Later this year, CWDS plans to launch a “sandbox” for the public to see features in the new system.  While the child welfare system can only be accessed by authorized personnel whose job is to protect children, the sandbox will give the public a view into the new system using demonstration data.

Below is a chart that shows the delivery cycle for software features deployed into production.  The project’s eight modules will be launched in stages, with ongoing enhancements to be deployed on the modern infrastructure that will offer a vastly improved user experience.

The blue boxes on the left side of the graph represent the research, design and development of products in partnership with Core Counties , on behalf of users across the state.   The green boxes represent finished code that has been deployed.

As the project gets ready to deploy software to the counties, each county will have its own implementation lead to guide and support implementation readiness activities in the areas of project management, communications, data cleansing, organizational change management (OCM), staff training, and technical readiness. 

Key Points from This Week’s Meeting with Southern California County Directors

On May 25th, the CWDS team visited the Los Angeles Department of Children and Family Services to provide an update on the child welfare legacy system replacement project.   In a meeting with child welfare directors representing eight counties across Southern California, the team answered questions on some key topics, including:
  • The Child Welfare Digital Services project plans to achieve full functionality of the existing system by 2020, when the legacy system is scheduled to be decommissioned.   The project’s eight modules will be launched in stages, with ongoing enhancements to be deployed on the modern infrastructure that will offer a vastly improved user experience.
  • Guided by user-centered design principles, each digital service works with teams from 4 to 6 counties, designated as Core Counties, to help design the system and inform important decisions.  Every county has the opportunity to serve as a Core County. As subject matter experts with years of experience working as case workers, Core County representatives are considered part of the CWDS project team.  They represent the user community throughout all 58 counties.
  • To help improve communication between counties and the project, CWDS is taking a more strategic approach to regular meetings so that important information can better reach county leadership. Starting in August, an hour-long, monthly meeting with CWDA and counties will be dedicated to discussing the new system.
  • A publicly available Sandbox will be available later this year to provide all county users visibility into the functionality of the new system.  The CWDS Implementation Team will work directly with counties, with an implementation lead assigned to guide and support implementation activities.
  • Policy questions, such as what impact pending legislation will have on the new system, are actively being coordinated between the County Welfare Directors Association (CWDA), the Department of Social Services and legislative staff at the State Capitol.   While project staff stays abreast of policy developments, CWDS developers, designers and managers are keenly focused on producing software to reach full system functionality by 2020, built on a modern platform designed for continuous future enhancements.

Why We Do What We Do

For many of us at Child Welfare Digital Services (CWDS), the names and stories of specific children remind us of why a new Child Welfare information system matters. However, not everyone at CWDS has personally known an at-risk child who had to leave a place he or she knows — right or wrong — as “home,” or tried to help that same traumatized child adjust to a new place in the care of strangers with unfamiliar rules and expectations. Nonetheless, we share a mission to support continuous quality improvement of California’s delivery of Child Welfare Services.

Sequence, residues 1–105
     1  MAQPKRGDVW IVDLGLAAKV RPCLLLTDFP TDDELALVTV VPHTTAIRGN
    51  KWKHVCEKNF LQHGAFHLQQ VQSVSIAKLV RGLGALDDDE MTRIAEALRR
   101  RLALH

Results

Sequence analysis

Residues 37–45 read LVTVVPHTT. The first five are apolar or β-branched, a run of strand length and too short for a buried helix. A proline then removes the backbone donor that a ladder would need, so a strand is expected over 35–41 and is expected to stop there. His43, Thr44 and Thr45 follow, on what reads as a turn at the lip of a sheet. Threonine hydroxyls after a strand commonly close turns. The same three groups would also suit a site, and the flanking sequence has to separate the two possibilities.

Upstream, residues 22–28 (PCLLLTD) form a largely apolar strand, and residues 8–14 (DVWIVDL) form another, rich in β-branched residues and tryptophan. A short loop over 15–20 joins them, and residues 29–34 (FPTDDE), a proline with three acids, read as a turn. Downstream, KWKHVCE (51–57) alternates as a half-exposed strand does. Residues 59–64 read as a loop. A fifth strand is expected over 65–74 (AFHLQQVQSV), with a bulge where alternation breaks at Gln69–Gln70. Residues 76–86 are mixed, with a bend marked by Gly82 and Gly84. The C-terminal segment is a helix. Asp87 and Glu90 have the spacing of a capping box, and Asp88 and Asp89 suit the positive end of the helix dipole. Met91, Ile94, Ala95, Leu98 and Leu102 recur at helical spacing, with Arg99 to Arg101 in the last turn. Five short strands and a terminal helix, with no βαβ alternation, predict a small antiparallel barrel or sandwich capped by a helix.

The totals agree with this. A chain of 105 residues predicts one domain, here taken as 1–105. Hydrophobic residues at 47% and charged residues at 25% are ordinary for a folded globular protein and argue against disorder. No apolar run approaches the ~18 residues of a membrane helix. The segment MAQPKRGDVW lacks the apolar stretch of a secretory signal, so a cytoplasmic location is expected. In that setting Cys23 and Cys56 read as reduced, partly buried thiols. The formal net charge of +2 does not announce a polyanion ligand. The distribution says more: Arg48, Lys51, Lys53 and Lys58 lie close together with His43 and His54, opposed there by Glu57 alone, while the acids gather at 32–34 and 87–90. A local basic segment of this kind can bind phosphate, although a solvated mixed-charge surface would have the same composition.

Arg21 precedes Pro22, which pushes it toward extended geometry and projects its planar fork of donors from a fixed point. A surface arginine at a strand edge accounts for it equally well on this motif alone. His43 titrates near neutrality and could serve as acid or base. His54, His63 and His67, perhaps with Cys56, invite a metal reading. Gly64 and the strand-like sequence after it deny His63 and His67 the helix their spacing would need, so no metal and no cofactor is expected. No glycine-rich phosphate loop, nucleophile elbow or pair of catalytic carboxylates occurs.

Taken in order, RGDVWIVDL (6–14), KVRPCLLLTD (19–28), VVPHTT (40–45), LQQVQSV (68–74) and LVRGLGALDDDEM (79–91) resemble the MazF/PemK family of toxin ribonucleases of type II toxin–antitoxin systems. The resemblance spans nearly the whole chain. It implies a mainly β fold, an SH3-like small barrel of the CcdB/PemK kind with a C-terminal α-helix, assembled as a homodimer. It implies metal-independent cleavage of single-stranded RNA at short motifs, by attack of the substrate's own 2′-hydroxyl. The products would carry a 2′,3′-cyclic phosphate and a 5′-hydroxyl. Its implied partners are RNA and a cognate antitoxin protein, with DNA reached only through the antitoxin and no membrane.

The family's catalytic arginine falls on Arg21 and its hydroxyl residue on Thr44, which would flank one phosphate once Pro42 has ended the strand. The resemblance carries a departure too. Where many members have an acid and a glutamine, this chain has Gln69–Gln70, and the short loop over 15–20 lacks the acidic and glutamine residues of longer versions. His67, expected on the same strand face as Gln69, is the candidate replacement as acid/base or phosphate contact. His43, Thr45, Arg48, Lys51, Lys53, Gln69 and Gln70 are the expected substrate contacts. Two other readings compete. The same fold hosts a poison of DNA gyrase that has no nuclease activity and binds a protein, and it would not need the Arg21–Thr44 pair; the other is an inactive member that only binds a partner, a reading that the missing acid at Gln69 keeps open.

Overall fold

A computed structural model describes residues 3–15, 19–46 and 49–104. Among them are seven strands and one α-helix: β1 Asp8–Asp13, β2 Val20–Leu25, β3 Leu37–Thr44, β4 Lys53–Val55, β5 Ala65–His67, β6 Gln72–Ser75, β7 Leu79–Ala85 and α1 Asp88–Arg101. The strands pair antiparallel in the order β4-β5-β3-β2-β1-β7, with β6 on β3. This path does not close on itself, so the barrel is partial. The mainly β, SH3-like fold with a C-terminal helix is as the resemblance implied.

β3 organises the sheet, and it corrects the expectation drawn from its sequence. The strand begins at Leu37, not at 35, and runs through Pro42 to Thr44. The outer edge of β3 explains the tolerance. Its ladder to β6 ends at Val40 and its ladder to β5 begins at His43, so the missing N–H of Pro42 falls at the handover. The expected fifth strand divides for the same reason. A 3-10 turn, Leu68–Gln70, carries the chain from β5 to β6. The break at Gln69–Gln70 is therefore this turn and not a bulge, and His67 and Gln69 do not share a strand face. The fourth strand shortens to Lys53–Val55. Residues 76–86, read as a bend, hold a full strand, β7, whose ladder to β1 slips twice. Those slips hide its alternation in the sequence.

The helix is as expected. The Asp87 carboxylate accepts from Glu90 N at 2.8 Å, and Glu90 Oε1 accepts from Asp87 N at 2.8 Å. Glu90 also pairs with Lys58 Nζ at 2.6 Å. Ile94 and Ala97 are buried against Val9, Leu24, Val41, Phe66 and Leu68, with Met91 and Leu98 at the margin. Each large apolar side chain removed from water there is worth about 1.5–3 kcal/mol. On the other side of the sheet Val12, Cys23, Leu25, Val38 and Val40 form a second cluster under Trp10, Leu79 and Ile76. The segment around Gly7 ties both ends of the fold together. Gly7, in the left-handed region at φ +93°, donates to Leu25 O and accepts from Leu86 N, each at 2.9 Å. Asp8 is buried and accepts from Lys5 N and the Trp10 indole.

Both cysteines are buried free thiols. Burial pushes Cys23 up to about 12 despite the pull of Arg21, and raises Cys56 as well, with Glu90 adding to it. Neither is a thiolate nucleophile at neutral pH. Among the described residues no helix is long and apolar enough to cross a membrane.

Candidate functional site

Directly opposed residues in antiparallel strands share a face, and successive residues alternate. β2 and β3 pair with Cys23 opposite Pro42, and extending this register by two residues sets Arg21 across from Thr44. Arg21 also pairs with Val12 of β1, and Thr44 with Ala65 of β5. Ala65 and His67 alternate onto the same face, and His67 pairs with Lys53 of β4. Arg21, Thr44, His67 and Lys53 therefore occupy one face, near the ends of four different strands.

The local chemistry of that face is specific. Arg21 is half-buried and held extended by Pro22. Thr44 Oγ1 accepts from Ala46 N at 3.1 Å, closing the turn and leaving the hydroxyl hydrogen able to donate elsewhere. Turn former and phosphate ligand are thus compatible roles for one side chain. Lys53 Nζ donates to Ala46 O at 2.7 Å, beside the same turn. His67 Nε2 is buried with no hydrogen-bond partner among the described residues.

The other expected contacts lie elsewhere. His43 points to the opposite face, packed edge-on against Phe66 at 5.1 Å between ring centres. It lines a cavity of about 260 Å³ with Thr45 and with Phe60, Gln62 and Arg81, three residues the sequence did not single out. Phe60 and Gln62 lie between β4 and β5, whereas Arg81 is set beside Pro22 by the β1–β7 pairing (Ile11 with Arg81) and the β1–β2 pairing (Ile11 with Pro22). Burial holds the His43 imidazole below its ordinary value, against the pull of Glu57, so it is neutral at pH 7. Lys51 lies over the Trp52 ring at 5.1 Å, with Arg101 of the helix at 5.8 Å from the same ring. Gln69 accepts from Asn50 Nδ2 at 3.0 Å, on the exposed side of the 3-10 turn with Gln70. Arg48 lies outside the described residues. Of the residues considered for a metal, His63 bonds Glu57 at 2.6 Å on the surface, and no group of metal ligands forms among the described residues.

Child Welfare Services encompass the following objectives:

  • Prevent abuse and strengthen families
  • Remedy the effects of abuse or neglect
  • Provide for out-of-home care for children (foster care and relative home placements)
  • Provide for permanent alternatives for children from abusive homes (adoptions, legal guardianship, Kinship Care)

Child Welfare professionals help children whose living situation has become unsafe and dangerous.  These dedicated and hard-working people either attempt to stabilize the situation into one that is safe and appropriate for the child, supporting the child’s family with resources that prevent reoccurrence of the dangerous situation, or they have to make the hard decision to move a child to place where he or she will be safe.

In 2016, there were 494,062 reported allegations of child maltreatment in California. Of those, 70,859 were substantiated. That means that in 2016, approximately 8 children out of every 1,000 children in California were victims of abuse, neglect, or exploitation.

During that same period, 53,749 were taken into “out-of-home” care. Of that number, we can expect one third to be in a permanent living situation within a year. A little over two-thirds will “achieve permanency” in two years. For the 32 percent of children in care who are between the ages of 1-5 years old, that’s nearly a lifetime.

Source: Center for Social Services Research University of California at Berkeley School of Social Welfare

Source: Center for Social Services Research University of California at Berkeley School of Social Welfare

Research shows that sustained periods of instability and uncertainty for a child can damage his or her ability to weather the rest of life’s ordinary challenges in a healthy way. Children who experience continuing trauma often find it harder to make constructive contributions to our shared future and society.

So how does a new information system help?

It might not be obvious how replacing the antiquated systems currently used to track Child Welfare Services and outcomes will make a difference to the real life children represented by these statistics. We do know more computing isn’t the answer. But freeing up dedicated and skilled Child Welfare professionals to interact and engage fully with the children and families they’re serving could be. We see and hear it in our user research now: Currently, Child Welfare professionals spend way too much time filling out forms or inputting data into disconnected and duplicative systems, just to keep track of their caseloads and meet reporting requirements.